Predisposed: Liberals, Conservatives, and the Biology of Political Differences
By John R. Hibbing, Kevin B. Smith, and John A. Alford
(Routledge, 304 pages, $29.95)
The sentry in Iolanthe wondered at how “Nature always does contrive / That every boy and every gal / That’s born into the world alive / Is either a little Liberal / Or else a little Conservative!”
He was right to wonder. For most of the past few decades, however, his suggestion that our personal political leanings are something we are born with would have been thought erroneous, if not downright shocking. The conventional wisdom has been that our minds at birth are formless blobs, to be shaped by education, upbringing, and socialization. There are no predispositions, certainly not political ones.
The authors of Predisposed—three professors of political science—beg to differ. Drawing on a mass of work in experimental psychology, neurophysiology, and even—gasp!—genetics, they show us that: “At least at the far ends of the ideological spectrum, liberals and conservatives are emotionally, preferentially, psychologically, and biologically distinct.”
Their opening qualifier is necessary. Not everyone is passionate about politics. As with other human enthusiasms—music, sport, religion—intensity of interest varies, with many people unable to see what the fuss is about. Others, while disposed politically one way or the other, hold “wrong” opinions on particular subjects. I am frequently told that I can’t be a true conservative because I am irreligious, or too respectful of science, or married out of my race.
(In an attempt to settle the matter I took the Left/Right 20 Questions Game printed as an appendix to Predisposed. My score was 11 out of 20, a tad to the right of center. I am going to claim that this makes me uniquely well-qualified to review Predisposed, whose authors, from scattered clues in the text, I take to be slightly left of center.)
The authors therefore issue many cautions about the nature of the truths they are offering. These truths are, they emphasize, matters of probability, of correlations, of scatter diagrams with many outliers. In their chapters on neuroscience and genetics, they mark many areas of ambiguity or ignorance.
All that said, there are some remarkable facts here. It is, for example, a well-established result, replicated many times in the 60 years since it was first shown, that we can tell liberals and conservatives apart by sight! Test subjects presented with photographs of people’s faces and asked to guess each face’s politics, will guess correctly at well above chance level. This even works when the photographs used are old ones from high school yearbooks.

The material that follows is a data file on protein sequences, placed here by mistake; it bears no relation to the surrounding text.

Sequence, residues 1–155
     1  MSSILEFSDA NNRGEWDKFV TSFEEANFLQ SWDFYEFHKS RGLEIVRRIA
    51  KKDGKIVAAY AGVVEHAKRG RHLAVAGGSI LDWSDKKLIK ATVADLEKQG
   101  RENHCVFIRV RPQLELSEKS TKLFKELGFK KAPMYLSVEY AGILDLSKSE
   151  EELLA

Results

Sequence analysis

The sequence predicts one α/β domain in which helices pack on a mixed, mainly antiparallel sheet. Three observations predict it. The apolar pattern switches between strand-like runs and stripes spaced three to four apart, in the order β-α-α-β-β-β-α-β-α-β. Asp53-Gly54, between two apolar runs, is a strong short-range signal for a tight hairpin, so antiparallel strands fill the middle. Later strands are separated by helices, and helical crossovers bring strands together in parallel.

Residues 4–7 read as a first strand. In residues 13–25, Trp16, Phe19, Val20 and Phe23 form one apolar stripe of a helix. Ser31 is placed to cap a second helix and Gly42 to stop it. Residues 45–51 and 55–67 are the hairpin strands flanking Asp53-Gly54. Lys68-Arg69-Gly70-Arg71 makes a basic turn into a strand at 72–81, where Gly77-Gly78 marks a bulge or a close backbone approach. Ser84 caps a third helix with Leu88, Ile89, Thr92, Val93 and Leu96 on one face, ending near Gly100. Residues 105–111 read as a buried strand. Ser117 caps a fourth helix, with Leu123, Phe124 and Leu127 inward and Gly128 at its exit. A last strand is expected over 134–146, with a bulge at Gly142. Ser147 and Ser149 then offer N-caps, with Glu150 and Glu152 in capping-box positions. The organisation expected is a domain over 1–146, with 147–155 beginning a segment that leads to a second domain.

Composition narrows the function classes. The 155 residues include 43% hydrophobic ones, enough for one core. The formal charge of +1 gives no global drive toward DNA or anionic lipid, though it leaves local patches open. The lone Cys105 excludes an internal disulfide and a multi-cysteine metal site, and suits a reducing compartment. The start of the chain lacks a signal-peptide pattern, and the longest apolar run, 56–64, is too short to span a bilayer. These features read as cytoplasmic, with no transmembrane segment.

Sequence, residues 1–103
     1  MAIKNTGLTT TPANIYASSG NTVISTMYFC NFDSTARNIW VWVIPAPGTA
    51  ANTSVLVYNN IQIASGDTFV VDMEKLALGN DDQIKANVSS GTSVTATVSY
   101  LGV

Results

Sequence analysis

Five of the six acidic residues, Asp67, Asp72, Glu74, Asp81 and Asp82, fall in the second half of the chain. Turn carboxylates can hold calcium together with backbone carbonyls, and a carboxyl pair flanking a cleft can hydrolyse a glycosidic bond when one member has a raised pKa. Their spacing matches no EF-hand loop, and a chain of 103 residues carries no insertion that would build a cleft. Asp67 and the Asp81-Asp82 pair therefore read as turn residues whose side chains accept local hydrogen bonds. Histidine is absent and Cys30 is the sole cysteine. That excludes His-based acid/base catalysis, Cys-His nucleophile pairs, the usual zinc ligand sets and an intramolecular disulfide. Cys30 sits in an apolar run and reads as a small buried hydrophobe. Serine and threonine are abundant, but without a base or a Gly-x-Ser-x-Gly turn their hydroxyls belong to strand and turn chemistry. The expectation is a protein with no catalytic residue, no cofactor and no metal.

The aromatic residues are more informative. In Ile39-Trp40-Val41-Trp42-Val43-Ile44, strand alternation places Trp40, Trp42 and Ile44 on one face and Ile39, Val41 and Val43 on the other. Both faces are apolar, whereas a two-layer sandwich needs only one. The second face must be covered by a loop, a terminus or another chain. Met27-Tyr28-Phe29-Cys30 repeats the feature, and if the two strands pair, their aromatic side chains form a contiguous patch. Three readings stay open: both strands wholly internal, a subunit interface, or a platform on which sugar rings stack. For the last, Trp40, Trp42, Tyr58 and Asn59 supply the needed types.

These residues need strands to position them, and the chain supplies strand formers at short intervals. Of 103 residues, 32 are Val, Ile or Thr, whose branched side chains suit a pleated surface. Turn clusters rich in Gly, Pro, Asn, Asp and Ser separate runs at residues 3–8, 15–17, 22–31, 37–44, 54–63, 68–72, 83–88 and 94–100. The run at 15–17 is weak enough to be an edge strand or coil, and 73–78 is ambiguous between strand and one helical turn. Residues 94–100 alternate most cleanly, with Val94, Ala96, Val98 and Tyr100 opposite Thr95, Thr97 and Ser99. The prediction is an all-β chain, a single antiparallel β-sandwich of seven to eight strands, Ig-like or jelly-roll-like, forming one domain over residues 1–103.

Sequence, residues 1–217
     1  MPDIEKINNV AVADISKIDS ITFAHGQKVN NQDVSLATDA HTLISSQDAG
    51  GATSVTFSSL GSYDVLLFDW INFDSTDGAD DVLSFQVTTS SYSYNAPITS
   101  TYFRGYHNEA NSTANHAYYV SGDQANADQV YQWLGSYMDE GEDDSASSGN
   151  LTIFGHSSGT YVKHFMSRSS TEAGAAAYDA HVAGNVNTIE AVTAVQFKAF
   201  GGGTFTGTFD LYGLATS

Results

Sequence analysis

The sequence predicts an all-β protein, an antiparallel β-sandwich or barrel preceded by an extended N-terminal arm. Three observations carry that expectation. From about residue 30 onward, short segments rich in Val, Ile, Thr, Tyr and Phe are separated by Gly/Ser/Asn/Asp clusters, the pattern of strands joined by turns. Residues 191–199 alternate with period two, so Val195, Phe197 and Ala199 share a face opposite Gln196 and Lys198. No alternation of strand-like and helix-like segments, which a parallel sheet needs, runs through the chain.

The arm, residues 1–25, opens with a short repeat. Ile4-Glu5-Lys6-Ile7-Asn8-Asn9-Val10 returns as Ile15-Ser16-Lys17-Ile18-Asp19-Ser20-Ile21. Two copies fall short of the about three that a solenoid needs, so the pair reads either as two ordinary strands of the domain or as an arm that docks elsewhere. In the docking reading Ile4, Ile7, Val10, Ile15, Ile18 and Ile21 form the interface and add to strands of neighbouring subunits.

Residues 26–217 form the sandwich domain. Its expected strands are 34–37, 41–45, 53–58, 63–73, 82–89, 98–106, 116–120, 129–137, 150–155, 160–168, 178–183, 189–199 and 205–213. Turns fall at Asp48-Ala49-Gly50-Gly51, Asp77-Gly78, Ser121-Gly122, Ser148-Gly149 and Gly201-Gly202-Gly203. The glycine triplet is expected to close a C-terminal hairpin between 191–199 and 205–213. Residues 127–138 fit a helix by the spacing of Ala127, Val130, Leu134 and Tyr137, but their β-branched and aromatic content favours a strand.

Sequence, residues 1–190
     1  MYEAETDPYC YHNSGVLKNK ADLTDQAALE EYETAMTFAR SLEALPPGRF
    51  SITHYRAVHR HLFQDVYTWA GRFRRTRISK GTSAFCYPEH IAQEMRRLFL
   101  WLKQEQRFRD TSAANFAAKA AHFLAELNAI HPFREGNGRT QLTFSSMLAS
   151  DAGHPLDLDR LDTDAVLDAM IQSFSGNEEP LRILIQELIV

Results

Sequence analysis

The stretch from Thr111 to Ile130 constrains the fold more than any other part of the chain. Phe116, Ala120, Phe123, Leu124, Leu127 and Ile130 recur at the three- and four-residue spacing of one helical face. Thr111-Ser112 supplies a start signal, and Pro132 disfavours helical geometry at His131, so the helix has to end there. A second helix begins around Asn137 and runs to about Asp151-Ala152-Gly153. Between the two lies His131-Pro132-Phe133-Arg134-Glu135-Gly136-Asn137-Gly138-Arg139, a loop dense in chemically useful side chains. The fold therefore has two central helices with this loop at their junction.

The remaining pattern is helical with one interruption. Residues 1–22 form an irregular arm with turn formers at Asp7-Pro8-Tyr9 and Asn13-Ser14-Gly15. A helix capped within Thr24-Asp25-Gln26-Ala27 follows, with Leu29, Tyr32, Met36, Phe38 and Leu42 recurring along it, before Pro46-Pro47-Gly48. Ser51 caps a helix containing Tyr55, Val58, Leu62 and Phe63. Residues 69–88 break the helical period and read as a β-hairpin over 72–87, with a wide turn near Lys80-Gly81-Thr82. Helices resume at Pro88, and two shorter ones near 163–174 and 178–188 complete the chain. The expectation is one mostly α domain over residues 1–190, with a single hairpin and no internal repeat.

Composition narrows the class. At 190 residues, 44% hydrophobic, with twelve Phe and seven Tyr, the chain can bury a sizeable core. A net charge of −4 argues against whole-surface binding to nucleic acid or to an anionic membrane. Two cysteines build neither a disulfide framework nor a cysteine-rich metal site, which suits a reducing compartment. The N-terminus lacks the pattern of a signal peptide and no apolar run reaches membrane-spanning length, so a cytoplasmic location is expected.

The main clue seems to be the corrugator muscle that furrows the brow, making one’s face more expressive. Liberals use it a lot, males and females both. When the authors showed emotionally-charged images (babies, wounds, flowers, maggots) to adult subjects:
The most distinctive group by far was conservative males. While corrugator activation in response to the images was significant for everyone else, for conservative males it didn’t budge.
Underlying our individual political inclinations, and tied through the nervous system to physiological features like that corrugator muscle, are the deep contours of individual personality. Conservatives favor the real over the abstract, the tried-and-true over the new and exotic, predictability over openness, the in-group over out-groups. They are more likely than liberals to see the world as harsh and dangerous. Studies of twins and adoptees show these underlying predispositions to be quite strongly heritable.
It is not hard to see why a successful species—I mean, one not yet extinct—should contain both varieties of temperament.
Here is a bush covered with berries. A passing Homo sapiens recalls having eaten similar berries before and finding them tasty and nutritious. He reaches for them … but thinks he sees the bush move. Is there a bear lurking in there?
Two strategies present themselves. Strategy A is to dismiss one’s fears and go for the berries. Strategy B is to back away. The person predisposed to A is less likely to starve to death; the one predisposed to B is less likely to end up as bear scat. Both strategies have evolutionary advantages, though differently weighted according to the numbers of charismatic megafauna in the habitat.
What James Madison referred to, disapprovingly, as “a zeal for different opinions” therefore has deep roots in human psychology. It has always been with us, and will be with us for as long as we are human.
Predisposed is a useful and interesting book, but as with so many messengers from the human sciences, it has a whiff of relativism about it. If our political differences arise in part from our genomes, in what sense does political reality exist? Yet of course it does exist: From the point of view of human flourishing and human happiness, North Korea’s political arrangements are plainly inferior to South Korea’s. There are things we should prefer.
I’ll rest my hopes in the Faber College motto: “Knowledge is Good” and will banish relativism at last. To help us better decide which things we should prefer in politics, we need to advance from aery leftist abstractions of perfect equality and malleability to a true understanding of human nature in all its tangled reality. Work in the human sciences like that reported very capably in Predisposed will help that advance. I cheer it on.
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